Radcliffe v. Hawai‘i

John Radcliffe, a resident of Honolulu, Hawai’i, was diagnosed with cancer in 2014. John wanted the option to receive a prescription for medical aid in dying inJohn Radcliffe Headshot the event that his condition worsened and he received a terminal prognosis of less than six months. Dr. Charles Miller stated that he would be willing to write the prescription but, because Hawaii had not yet passed medical aid-in-dying legislation, could not for fear of being criminally prosecuted.

On January 11, 2017, John Radcliffe, Charles Miller, M.D., and Compassion & Choices (“Plaintiffs”) filed a Complaint that sought to clarify that Medical Aid in Dying was authorized in Hawaii and protected by the Hawai‘i constitution. The suit also sought to clarify two letter opinions written by Attorney General David Louie in 2011 and Attorney General Douglas Chen in 2015, both stating that criminal prosecutions may be brought against physicians who provide medical aid in dying. Specifically, Plaintiffs asked the Court to clarify that: (1) Hawaii’s murder and manslaughter statutes do not apply to medical aid in dying; (2) medical aid in dying is permitted by law; (3) medical aid in dying is not barred by Hawai‘i statutes; and (4) that physicians are permitted to provide medical aid in dying without fear of criminal prosecution.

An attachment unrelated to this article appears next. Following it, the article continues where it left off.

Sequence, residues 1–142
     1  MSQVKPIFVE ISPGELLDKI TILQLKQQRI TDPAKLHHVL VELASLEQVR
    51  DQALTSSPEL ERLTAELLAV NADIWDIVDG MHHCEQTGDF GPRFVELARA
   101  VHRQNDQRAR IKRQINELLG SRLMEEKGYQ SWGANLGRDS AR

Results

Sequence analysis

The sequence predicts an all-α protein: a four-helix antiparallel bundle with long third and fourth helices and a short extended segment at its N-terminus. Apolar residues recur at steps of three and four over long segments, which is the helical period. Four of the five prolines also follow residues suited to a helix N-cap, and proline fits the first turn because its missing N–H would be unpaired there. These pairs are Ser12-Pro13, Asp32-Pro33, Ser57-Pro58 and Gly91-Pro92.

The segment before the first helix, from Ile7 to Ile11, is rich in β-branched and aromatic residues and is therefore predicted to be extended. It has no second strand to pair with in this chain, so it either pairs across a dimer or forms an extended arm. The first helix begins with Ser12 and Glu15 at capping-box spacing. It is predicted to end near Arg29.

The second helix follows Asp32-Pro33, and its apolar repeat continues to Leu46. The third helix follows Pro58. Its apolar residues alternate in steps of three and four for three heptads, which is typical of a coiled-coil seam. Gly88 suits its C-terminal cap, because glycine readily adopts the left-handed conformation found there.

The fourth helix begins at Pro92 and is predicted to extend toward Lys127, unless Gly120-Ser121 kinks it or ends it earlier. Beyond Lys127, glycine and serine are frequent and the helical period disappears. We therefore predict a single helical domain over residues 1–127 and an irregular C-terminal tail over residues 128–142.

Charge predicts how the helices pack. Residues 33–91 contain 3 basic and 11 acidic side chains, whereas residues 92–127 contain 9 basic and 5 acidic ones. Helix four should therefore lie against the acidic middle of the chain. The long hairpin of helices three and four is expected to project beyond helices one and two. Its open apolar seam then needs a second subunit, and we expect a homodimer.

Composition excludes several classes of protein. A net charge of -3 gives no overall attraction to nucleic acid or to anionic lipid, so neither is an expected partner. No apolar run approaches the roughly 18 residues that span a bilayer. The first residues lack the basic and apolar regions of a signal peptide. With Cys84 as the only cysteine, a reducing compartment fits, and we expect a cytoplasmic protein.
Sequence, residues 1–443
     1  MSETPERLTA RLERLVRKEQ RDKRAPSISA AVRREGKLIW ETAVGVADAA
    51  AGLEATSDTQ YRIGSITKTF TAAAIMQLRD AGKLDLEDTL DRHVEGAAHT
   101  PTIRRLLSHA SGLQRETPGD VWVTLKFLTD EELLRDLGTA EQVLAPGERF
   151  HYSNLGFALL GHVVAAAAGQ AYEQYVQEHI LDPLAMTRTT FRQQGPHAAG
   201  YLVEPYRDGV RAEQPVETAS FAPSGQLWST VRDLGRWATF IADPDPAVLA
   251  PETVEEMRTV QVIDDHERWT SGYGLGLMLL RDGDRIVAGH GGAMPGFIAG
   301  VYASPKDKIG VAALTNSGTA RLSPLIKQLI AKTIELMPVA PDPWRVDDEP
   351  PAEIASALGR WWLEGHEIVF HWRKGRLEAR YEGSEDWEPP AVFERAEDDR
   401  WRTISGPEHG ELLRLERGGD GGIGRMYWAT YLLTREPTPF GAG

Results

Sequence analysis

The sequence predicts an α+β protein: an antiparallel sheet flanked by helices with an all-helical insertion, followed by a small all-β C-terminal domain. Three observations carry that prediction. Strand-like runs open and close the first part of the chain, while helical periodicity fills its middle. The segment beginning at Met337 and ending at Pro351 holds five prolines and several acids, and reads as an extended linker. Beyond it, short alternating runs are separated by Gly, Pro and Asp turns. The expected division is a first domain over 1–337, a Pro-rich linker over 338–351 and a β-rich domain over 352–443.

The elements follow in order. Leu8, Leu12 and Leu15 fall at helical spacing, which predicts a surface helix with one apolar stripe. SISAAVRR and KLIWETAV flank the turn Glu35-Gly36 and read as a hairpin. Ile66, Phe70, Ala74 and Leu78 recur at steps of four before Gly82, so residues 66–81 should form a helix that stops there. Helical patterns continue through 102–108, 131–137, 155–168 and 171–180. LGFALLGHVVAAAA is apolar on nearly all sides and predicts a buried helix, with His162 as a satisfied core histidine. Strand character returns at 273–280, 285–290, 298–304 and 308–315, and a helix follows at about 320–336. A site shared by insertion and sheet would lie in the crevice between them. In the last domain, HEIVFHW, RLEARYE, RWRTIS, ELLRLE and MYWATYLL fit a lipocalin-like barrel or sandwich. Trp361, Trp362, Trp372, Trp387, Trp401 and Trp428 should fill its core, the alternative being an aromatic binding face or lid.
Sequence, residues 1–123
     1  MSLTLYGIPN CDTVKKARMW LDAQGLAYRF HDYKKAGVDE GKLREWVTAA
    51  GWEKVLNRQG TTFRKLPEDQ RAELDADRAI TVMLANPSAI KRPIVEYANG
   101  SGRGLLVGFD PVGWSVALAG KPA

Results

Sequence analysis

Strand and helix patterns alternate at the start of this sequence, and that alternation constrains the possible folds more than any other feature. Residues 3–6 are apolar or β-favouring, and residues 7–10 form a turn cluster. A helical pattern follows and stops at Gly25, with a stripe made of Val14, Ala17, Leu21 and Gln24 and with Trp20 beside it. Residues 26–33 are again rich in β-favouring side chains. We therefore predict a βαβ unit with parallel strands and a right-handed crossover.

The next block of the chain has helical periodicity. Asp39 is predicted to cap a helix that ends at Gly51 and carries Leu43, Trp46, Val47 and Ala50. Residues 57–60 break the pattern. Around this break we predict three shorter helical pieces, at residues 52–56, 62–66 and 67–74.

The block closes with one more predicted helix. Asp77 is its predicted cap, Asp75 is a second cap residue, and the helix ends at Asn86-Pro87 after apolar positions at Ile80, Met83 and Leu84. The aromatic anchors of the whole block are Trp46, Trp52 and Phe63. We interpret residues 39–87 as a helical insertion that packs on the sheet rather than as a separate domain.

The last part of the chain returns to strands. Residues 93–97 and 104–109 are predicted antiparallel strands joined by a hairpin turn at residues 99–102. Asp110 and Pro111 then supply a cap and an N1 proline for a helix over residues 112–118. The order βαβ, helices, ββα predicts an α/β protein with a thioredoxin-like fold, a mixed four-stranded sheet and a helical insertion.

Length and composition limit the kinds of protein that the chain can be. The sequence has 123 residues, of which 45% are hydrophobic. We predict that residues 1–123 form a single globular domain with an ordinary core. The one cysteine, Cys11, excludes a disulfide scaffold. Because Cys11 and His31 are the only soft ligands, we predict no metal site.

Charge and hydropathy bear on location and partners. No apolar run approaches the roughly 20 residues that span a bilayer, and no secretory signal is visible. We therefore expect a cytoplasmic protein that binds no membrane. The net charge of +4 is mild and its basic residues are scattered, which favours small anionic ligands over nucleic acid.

On July 17, 2017, the court granted Defendant’s Motion to Dismiss, citing Kahaikapuna v. State of Hawai’i, 124 P.3d 975, in ruling that declaratory judgment for a criminal matter is not appropriate in this case. The court further opined that the court was ill-suited to resolve this matter even if it could. On August 9, 2017, John Radcliffe, Charles Miller, M.D., and Compassion & Choices (“Plaintiffs-Appellants”) appealed the matter, bringing it to the Intermediate Court of Appeals of the State of Hawai’i.

Plaintiffs-Appellants re-argued their claims and additionally stated that waiting on Hawaii’s legislative branch to consider the matter is not adequate, as the legislature has a “repeated failure to pass any law either expressly outlawing the practice, or setting forth in detail the procedures and safeguards by which medical aid in dying may be employed.” Plaintiffs-Appellants stated that there are numerous now-constitutional rights that were recognized judicially rather than waiting for the legislature to address the matter.

While we did not receive the ruling we had hoped for from the court, Compassion & Choices’ efforts were not in vain. Our companion legislation brought in conjunction with the lawsuit was successful, and on April 5, 2018, Hawaii’s Governor, David Ige, signed the Our Care, Our Choice Act, which granted citizens of Hawai’i the ability to receive medical aid in dying.

Sadly, John Radcliffe passed away in August 2020. He is remembered fondly for his advocacy to protect and expand end-of-life options in Hawaii.

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VICTORY: Colorado Gov. Jared Polis signed the improved End-of-Life Options Act.